The current roster? Not much chance it can be championship material. It is a good roster, but again, it was constructed with Durant in mind. Victor Oladipo is a terrific third option, but I’m not sure how he’ll do as a second — and that’s not a criticism of Vic. OKC will need Domantas Sabonis to develop quickly, too. As for Adams, I think star is possible, and likely, given his work ethic. I don’t see him becoming an offensive monster, but he’s certainly capable of being a reliable 18-20 point guy with enough touches.
I woke up in New Orleans/Angry at the world and all alone. From Alexander Hudetz:
The Pelicans screwed it up, haven`t they? Davis is averaging 31.1 ppg, 10.7 rpg, 3.0 bpg, 1.7 spg, shooting 50.2 percent and 81.4 percent from the line and the Pelicans seem already destined for the lottery after starting 0-5.
Yes, Jrue Holiday has all the reasons in the world to sit out as long as he wants or must to take care of his family (I really hope his wife & daughter will ultimately be fine and healthy), and they have other players already injured.
Still the Pelicans screwed it up. And you could see it coming since they traded Ariza for Asik and then gave him an overblown contract – in addition to (over-)paying Gordon, Evans and Ajinca.
Naturally Davis seems a bit frustrated. But the Pelicans have locked up Davis until at least 2019. Still I think that every Basketball fan on earth (with the exception of Pelicans fans) want to see Davis competing for championships as soon as possible and not spinning the treadmill in New Orleans until halve of his career is over.
My question is: shouldn`t teams stacked with trade-assets (like Boston) throw as much of their assets as possible at New Orleans in exchange for getting Davis? It’s clear nobody in New Orleans wants to trade their franchise player but if somebody gives you multiple future lottery picks and a bunch of young players — wouldn`t that be the right time to start a proper rebuild?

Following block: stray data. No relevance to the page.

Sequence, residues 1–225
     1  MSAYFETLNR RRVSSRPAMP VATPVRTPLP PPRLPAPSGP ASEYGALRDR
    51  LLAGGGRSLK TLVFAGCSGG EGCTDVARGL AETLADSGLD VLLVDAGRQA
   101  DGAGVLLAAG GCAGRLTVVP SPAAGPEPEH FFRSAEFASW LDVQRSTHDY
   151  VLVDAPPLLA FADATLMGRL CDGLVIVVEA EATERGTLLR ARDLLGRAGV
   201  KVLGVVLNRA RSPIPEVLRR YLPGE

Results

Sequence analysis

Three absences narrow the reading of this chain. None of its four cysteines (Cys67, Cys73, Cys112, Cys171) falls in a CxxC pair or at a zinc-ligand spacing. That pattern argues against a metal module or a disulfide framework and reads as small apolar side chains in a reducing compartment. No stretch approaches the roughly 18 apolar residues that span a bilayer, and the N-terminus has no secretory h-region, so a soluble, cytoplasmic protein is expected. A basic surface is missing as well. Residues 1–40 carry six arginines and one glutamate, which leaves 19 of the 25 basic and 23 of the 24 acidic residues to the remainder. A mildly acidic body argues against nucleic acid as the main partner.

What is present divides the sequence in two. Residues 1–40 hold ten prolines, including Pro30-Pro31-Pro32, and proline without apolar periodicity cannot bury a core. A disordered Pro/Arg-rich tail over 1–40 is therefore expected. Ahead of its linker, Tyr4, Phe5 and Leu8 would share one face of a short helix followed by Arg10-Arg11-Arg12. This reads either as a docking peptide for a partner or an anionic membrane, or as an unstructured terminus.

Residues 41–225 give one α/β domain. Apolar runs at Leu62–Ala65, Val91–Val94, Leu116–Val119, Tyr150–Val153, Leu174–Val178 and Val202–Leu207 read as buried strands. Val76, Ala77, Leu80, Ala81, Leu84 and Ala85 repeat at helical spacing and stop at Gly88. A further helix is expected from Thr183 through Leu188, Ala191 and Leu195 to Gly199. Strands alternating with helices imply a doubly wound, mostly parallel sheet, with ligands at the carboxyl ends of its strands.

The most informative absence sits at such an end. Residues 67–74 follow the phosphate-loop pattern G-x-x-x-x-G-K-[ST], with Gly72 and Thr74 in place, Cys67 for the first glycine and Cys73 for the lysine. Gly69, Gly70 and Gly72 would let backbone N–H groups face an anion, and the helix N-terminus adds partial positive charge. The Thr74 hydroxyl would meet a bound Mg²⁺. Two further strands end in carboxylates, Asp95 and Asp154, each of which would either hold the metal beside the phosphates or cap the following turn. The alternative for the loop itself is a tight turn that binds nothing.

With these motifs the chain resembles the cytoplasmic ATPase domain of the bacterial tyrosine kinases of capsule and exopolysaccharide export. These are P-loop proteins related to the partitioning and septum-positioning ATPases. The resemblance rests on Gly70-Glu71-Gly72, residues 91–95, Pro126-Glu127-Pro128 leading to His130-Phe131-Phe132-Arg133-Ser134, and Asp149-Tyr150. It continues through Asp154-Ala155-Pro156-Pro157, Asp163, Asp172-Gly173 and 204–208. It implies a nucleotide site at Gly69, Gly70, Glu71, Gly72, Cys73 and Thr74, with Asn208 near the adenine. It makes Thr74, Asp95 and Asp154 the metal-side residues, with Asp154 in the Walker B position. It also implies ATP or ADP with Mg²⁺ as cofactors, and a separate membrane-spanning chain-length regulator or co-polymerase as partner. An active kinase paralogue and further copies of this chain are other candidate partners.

Pelicans fans may not want to hear this but the alternative is in my view that they will be at the fringe of reaching the playoffs until Davis finally leaves as a free-agent.
If New Orleans would trade Davis at the deadline or at the end of the season to Boston, the Celtics would still have a massive collection of assets to offer. The longer they wait, less and less picks will be left in Ainge’s treasure chest.
My trade scenario: Boston gives: 2017 first round draft pick from Brooklyn (swap, Boston), 2018 Brooklyn first rounder, 2019 first from Memphis, one or two 2nd rounders, J. Brown, Amir Johnson, Bradley or smart FOR Davis (and maybe if the salaries work, Asik).
Nah. Way too early for the Pels to think about trading the franchise for a bunch of picks that may or may not pan out. New Orleans will have cap room next summer when Tyreke Evans’ and Holiday’s salaries come off, and the Pels better hit a free agent homer. If the roster isn’t significantly improved by this time next year? Circle the wagons and be very afraid.
Apparently, I do not love L.A. From Jay Srinivasan:
One team has beaten three of the teams in your top 15, and yet does not have a place among them. What gives?
Can’t imagine who you’re thinking of, Jay. But a gander at this week’s TOTWM! should calm your nerves.
Send your questions, comments, and other carnivorans who are familiar with Rule 18-1 of the official Rules of Golf to email@example.com. If your e-mail is funny, thought-provoking or snarky, we just might publish it!
(Last week’s averages in parenthesis)
1) LeBron James (23 ppg, 9 rpg, 6 apg, .446 FG, .750 FT): Another milestone passed Friday: James became the youngest player in league history to surpass the 27,000-point mark, at 31 — more than half a year ahead of the previous record holder, Kobe Bryant.
2) Kawhi Leonard (23.7 ppg, 4.3 rpg, 0.6 apg, .417 FG, 1,000 FT): How this stayed off everyone’s radar this long is amazing, but good on Tom Haberstroh for unearthing a long-held secret to better shooting.
3) Kevin Durant (24.3 ppg, 7.8 rpg, 4.8 apg, .514 FG, .900 FT): Streak of consecutive games with 20 or more points ended Thursday against the Nuggets.
4) Russell Westbrook (30 ppg, 9.5 rpg, 10.8 apg, .420 FG, .813 FT): Posted his third triple-double of the season Sunday against Orlando. But it ended a streak of 20 consecutive victories for the Thunder in which they won when Westbrook has a triple-double. The last time OKC lost a game in which he had one was on April 5, 2015, when Westbrook went for 40, 11 and 13 in a 115-112 loss to Houston.
5) DeMar DeRozan (34.7 ppg, 4.7 rpg, 4.3 apg, .535 FG, .771 FT): There is, apparently, a way to score at a high and efficient level in the NBA without having to take 97 3-pointers per game.
BY THE NUMBERS
22 — Teams in the NBA Development League this season, an all-time high. All of the teams are now directly operated or owned by an NBA team. With Charlotte, Chicago and Brooklyn now running D-League squads, only eight NBA franchises don’t have an NBDL affiliate, and Atlanta has announced plans to start one in 2019.